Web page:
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Arab media burst onto the North American radar screen when Al-Jazeera, a Qatari all news pan-Arab satellite television station, scooped the world's media with its coverage of the U.S. attack on Afghanistan in the aftermath of the September 11, 2001 attacks on the World Trade Center and the Pentagon. Until then, with the exception of counted academic experts and a few articles and opinion pieces in the leading national newspapers, the Arab mass media had not received much attention in American public discourse. Because of this lack of interest, the development of the mass media in Arab countries, their socio-cultural impact and their political implications, remain poorly understood. For this reason, this article aims at introducing Arab media from a historical perspective, focusing on satellite television broadcasting, and analyzing the relationship between that media sector and the phenomenon of globalization. This article revolves around the following questions: How did Arab television, especially satellite television, evolve historically? What political, economic, and cultural forces shaped the operation and content of Arab media and how? What challenges do these regional Arab mass media face in the era of globalization? Finally, what are the political, economic and cultural implications of transnational Arab satellite television?
Since its inception in the 1950s, Arab television has been owned and operated by governments, most of them non-elected and authoritarian. Until the 1990s, there were a few exceptions to this trend, with private television experiments in Iraq, Morocco, and most notably Lebanon, where television was initially conceived as a partnership between the state and business interests (Boulos, 1996; Kraidy, 1998b). The 1974-2000 war in Lebanon eroded the power of the central government and opened the floodgates for private–– what Boyd (1991) called “unofficial”–– broadcasting inaugurated in 1985 by the Lebanese Broadcasting Corporation (LBC), now LBCI with the addition of “international” to its name. The launching of LBC by the Christian paramilitary formation called the Lebanese Forces triggered a wave of private television stations opened by the militia’s competitors in Lebanon in the 1980s and 1990s, culminating in more than fifty television stations in 1995 (Kraidy, 1998b).
More than six years after the Lebanese Broadcasting Corporation initiated terrestrial broadcasting, the Gulf War revealed the popularity of the Cable News Network (CNN) among Arab audiences. This triggered a series of developments that lead to the establishment of private television in Arab countries, inaugurated with the 1991 launching in London of the Middle East Broadcasting Corporation (MBC) by Saudi business interests with the support of the royal family. While the Lebanese experience with private television was originally with terrestrial television––expanding to the satellite realm only a few years later (Kraidy, 1998a)––the Arab experience with non-governmental media has been largely restricted to satellite television. In addition to the launching of MBC, 1991 saw the opening of the Egyptian Satellite Channel, owned by the Egyptian state, and in subsequent years, numerous Arab satellite stations, both government-owned and private, went on the air (Amin & Boyd, 1994).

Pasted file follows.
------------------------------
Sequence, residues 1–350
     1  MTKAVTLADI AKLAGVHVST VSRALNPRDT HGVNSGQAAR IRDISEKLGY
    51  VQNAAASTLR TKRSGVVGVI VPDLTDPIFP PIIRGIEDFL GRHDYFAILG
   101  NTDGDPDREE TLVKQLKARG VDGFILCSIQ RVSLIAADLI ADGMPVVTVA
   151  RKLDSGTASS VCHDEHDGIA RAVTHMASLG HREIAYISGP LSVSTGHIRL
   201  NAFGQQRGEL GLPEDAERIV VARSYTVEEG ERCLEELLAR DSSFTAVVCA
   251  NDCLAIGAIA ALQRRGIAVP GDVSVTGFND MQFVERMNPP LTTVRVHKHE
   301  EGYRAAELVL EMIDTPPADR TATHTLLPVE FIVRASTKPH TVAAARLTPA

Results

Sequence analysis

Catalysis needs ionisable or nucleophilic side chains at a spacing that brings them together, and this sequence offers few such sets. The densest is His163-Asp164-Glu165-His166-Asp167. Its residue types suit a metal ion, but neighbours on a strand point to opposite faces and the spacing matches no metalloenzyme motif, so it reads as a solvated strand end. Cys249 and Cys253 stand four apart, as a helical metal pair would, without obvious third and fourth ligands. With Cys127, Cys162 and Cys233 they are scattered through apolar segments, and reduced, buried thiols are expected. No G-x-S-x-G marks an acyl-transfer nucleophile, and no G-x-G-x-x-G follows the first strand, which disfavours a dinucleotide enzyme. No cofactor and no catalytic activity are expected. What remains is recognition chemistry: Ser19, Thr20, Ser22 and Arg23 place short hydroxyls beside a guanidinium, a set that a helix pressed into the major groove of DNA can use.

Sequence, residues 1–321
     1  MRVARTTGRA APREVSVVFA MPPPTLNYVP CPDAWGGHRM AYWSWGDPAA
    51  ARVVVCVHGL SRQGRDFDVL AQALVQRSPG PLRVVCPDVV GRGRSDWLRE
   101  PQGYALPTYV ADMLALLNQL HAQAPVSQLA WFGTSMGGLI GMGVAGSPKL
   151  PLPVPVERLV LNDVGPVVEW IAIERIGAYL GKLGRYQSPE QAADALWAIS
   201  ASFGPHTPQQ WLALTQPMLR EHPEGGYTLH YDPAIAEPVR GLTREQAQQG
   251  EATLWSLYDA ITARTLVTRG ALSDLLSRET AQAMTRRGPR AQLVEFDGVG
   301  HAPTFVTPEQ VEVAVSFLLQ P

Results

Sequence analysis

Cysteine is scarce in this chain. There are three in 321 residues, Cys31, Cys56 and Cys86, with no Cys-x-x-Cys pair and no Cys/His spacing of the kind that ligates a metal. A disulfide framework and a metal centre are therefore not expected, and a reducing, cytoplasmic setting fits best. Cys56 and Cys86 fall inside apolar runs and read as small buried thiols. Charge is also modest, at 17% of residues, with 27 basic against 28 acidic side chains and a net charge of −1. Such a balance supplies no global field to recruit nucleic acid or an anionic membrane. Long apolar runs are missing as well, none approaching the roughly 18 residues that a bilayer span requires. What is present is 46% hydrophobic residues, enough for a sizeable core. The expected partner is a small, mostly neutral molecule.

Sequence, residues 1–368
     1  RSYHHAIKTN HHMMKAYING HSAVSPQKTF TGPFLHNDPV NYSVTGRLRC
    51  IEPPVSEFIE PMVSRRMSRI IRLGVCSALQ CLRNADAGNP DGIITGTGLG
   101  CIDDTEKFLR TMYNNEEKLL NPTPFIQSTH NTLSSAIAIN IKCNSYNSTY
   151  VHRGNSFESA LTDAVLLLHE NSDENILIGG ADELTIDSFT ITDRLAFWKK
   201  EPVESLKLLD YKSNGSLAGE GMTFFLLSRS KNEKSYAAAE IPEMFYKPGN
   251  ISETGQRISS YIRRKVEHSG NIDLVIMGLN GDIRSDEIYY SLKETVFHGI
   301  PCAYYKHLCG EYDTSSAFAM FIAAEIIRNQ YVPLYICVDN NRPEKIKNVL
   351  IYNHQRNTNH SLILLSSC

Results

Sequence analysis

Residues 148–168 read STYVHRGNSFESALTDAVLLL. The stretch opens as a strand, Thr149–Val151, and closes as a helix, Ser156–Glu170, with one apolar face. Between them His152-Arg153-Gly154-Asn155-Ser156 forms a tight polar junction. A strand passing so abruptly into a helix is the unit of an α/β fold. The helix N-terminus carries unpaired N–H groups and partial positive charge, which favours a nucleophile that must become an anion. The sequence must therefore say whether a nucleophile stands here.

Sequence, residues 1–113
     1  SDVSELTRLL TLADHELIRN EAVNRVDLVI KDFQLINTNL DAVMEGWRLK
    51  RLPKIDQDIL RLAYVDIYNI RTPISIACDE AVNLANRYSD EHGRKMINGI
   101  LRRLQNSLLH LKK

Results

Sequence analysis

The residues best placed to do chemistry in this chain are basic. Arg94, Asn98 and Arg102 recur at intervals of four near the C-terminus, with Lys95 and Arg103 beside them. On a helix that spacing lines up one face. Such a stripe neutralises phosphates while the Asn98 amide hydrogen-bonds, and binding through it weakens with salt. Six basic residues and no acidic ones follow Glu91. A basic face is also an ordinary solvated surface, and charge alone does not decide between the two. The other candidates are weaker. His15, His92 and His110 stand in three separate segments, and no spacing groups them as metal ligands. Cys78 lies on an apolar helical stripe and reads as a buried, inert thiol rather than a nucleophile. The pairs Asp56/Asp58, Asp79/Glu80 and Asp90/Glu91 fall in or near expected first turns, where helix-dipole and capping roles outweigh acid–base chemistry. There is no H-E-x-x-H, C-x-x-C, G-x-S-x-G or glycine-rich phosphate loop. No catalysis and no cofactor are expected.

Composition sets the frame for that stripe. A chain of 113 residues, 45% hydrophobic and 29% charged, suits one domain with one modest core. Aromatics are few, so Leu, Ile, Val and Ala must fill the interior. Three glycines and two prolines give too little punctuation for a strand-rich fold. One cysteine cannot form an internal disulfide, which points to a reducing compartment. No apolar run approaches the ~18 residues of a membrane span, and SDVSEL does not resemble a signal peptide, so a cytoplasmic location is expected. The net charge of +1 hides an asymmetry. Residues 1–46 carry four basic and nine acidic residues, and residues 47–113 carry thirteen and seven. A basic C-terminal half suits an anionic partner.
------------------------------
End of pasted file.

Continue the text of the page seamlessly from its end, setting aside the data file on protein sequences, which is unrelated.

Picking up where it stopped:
While recent events have put Arab media at the center of world politics, the history of the development of satellite broadcasting in the Arab world warrants a detailed rendition, because the rapid growth of the satellite industry in the Arab world during the past decade (Amin, 2000; Amin & Boyd, 1994; Barkey, 1996; Kraidy, 1998a; Millichip, 1996; Sakr, 1999; Schleifer, 1998) was made possible by political and technical developments since the late 1960s.
In 1967, Arab information ministers articulated the principles of a satellite network whose goal was the integration of the social and cultural activities of the Arab League, a regional organization formed after World War Two (Overview, 1997). In the meantime, the Arab States Broadcasting Union (ASBU) was formed in 1969 (Boyd, 1999). Saudi Arabia did not join the Egypt led and Cairo-based ASBU until 1974, most probably because of the tense relationship between Saudi Arabia and Egypt at the time.
On April 14, 1976, the Arab Satellite Communications Organization (ARABSAT) was established under Arab League jurisdiction and entrusted with serving the information, cultural and educational needs of its members (Overview, 1997). Saudi Arabia, because of its considerable financial resources expanded by the oil price boom of 1973, was the main financier of the new organization and Riyadh, the Saudi capital, housed its headquarters. After a failed launching attempt by a French Ariane rocket led to the loss of the first satellite 1-A, the U.S. space shuttle Discovery successfully launched a second satellite, 1-B in 1985 (Amin & Boyd, 1994). ARABSAT 1-A and 1-B were switched off in 1992 and 1993 respectively (“Satellite Generations,” 2002).
ARABSAT launched its second generation satellites 2-A and 2-B in July and November, 1996 respectively (“ARABSAT second,” 1997). These geostationary (longitude 26 degrees East), high-power satellites carry a total of 34 active transponders (Fixed Satellite Service). Their expanded technical capacities were said to give ARABSAT a competitive edge in the region (Kazan, 1996). ARABSAT 1-C, launched in 1992, was sold to the Indian Space Research Organization (ISRO) in 1997 (“Satellite Generations,” 2002).
The third generation ARABSAT 3-A satellite was launched in February 1999, co-located with 2-A. This is a powerful satellite with one single transponder covering all Arab countries, most of Europe and a good part of Africa.